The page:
External factors (outside the control of the salesperson) include but not limited to those from the environment (general economic situation, industrial practices – including compensation, level of industrialisation, technology, etc.) and those traceable to the organisation they work for (communication, work flow, management style and attitude, corporate culture, size/age of the firm, level of professionalisation of management, reports/reporting and compensation system – perks, tools, expense system and available discretion), etc. For instance, capped running expenses, also known as “float” differ from company to company and is an important metric for reps in choosing where to work.
Another set of factors affecting sales performance level arise from sales management functions which can be considered as external. These include sales force planning process, forecasting (and acceptable variance), workload, territory size and expected results, field force performance metrics and control system. I have seen a rep who couldn’t work in a company deploying GPS-based reporting and movement tracking system!
As earlier noted, performance management is generally an integrated set of techniques designed to improve employees’ performance through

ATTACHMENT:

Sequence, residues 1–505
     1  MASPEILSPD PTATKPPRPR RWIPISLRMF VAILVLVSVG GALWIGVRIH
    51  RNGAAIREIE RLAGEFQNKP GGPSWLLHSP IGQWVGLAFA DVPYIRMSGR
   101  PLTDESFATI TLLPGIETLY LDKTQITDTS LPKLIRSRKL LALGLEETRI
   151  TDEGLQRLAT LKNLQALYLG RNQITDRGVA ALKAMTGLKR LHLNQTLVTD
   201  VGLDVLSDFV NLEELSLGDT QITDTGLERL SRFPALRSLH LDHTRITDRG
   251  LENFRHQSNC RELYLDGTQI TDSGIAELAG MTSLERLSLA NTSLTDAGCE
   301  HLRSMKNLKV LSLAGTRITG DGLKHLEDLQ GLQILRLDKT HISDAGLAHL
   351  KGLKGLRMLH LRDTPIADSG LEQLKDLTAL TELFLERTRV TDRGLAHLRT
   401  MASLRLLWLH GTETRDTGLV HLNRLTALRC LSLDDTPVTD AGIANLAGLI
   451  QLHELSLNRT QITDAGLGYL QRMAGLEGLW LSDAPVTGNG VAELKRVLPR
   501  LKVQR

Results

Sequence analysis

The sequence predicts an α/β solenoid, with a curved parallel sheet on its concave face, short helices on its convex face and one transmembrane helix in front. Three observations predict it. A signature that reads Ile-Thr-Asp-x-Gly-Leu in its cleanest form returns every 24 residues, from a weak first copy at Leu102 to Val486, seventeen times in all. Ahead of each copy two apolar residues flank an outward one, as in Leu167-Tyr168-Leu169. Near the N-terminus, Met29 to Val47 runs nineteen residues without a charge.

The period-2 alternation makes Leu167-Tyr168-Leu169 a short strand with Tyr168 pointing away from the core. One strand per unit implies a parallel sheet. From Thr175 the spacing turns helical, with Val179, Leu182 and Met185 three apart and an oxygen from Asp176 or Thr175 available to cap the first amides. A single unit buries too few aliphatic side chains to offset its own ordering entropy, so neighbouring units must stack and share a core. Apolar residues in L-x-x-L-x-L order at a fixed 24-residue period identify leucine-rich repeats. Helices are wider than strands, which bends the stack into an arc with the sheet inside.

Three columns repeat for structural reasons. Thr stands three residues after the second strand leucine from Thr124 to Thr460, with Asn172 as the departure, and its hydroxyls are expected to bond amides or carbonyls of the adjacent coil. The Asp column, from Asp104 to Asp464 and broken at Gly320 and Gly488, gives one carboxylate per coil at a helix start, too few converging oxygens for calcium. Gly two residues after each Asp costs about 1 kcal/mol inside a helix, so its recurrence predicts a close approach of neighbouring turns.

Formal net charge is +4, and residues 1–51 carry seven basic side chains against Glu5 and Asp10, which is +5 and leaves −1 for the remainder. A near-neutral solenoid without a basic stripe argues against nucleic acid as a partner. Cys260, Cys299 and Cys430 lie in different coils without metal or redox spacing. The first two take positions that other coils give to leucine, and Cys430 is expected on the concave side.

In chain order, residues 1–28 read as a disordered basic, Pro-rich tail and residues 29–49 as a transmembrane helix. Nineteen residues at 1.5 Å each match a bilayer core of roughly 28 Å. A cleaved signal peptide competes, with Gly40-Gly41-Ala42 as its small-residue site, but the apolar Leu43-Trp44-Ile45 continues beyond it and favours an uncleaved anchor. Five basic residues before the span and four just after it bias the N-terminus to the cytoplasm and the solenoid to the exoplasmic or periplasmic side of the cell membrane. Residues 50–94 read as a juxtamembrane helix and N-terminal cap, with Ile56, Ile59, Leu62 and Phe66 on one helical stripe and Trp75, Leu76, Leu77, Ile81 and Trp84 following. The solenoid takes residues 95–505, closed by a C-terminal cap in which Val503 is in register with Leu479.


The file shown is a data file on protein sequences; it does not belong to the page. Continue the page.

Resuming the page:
Setting clear objectives for individual employees that link to strategic goals.
Formal monitoring and review of progress toward these objectives.
Reinforcing desired behaviour through rewards
Identifying training & development needs.
Performance evaluation is the second plank above. Remember that whatever you want done well must be measurable and trackable. It is important that the major objective of regular evaluation is to assure success for each and every member of the field force by communicating status of performance and agreeing on remedial action(s) before it is too late; as well as preventing unnecessary waste of time, energy and resources. It is not meant to be a post mortem that never brings anyone back to life! Reasons for evaluation include: